So what did I think?  Well, I am glad that I tried it and the results of my treatment were similar to a very deep tissue massage. I can’t say that my pain is gone, but it feels like the tightness has subsided a bit. My husband was appalled at the way my back looked with little circles of various colors of bruising from minor to a bright purple – even after I had shown him pictures of what to expect prior to it – it was unsettling to him. My body feels like it’s had a change in structure to the underlying fascia, which is what I had hoped. Although I do think I expected a deeper and more immediate relief than I experienced, I think this should be considered as another natural alternative to chronic pain and that others may have different results depending on what is being treated.

Would I recommend it? Yes – I believe that our bodies are capable of tremendous self healing and a good therapist can assist you with a treatment plan that is right for you. Since every therapist brings a different skill set and a personal philosophy to their table, it’s important to connect with different modalities when your tried and true are limiting your scope of healing. Cupping touts many benefits, some that I believe and a few I think are a bit far fetched depending on the research. You simply should do your homework and ask the questions before your appointment and convey your needs and expectations to your therapist. You know your body better than anyone and you know what is right for your body. As the ‘leader’ of YOUR health care team you owe it to yourself to try non-invasive treatments to assist with your quality of life. Also, on that note, as the leader of your health care team it is ALWAYS within your power to stop a treatment that is not what you expect or is painful. Listen to your body, listen to your intuition. Be pro-active in all aspects of your health.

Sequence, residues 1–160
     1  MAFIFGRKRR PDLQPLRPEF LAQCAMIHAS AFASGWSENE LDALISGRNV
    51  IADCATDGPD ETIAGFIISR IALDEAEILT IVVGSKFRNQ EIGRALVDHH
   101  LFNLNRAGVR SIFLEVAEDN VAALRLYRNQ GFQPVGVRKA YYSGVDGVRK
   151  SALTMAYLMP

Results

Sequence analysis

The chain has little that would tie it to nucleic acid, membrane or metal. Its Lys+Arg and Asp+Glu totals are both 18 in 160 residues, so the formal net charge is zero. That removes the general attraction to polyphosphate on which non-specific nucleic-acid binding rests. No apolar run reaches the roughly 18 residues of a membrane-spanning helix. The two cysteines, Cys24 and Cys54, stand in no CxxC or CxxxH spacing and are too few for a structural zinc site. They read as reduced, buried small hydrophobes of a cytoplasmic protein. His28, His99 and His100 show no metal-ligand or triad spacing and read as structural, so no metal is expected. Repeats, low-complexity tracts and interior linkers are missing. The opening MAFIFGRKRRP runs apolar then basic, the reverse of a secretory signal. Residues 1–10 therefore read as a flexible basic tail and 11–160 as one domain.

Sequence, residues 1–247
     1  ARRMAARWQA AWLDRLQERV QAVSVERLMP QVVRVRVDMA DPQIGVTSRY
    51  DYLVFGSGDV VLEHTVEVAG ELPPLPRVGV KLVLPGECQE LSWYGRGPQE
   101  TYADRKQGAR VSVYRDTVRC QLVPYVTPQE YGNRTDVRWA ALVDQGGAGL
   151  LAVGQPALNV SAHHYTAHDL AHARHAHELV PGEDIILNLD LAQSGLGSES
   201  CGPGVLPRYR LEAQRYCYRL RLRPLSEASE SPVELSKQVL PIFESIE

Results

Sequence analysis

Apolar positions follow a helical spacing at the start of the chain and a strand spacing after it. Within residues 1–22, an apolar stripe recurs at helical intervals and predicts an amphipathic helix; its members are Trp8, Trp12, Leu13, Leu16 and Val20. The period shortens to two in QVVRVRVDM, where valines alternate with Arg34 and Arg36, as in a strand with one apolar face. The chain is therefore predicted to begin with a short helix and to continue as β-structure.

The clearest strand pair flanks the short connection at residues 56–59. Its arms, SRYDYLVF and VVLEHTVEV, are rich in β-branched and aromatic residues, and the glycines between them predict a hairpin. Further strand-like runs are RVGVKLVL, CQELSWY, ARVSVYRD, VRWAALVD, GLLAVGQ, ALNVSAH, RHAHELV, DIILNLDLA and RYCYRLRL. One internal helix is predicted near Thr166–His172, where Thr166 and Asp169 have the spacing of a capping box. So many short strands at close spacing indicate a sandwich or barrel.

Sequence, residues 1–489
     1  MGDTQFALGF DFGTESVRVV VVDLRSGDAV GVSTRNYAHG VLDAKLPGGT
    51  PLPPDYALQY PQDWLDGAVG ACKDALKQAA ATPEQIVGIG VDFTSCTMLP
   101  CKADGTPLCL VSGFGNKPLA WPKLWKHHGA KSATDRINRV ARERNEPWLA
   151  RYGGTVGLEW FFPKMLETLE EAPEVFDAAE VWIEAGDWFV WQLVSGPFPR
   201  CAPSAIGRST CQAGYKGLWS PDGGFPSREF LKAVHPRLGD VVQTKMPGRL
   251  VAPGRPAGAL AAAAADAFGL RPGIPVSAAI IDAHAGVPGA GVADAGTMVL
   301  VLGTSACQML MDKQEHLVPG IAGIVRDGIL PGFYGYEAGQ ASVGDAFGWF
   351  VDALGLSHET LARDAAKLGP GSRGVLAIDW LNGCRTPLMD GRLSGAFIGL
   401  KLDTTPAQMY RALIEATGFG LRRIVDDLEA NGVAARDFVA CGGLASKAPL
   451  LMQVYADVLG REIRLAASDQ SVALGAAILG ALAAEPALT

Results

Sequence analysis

Where can you find it?  Cupping is available by Licensed Massage Therapists or Acupuncturists. Look for those who are accredited, licensed and certified in the practice. As with any health care, be it holistic or traditional, you should check with a physician or other trusted health care provider to be sure that the treatment is safe for you.

In the Dayton area you may wish to contact Tzu at for a cupping session. She is a consummate professional and will take great care of you. Tell her Brenda sent you!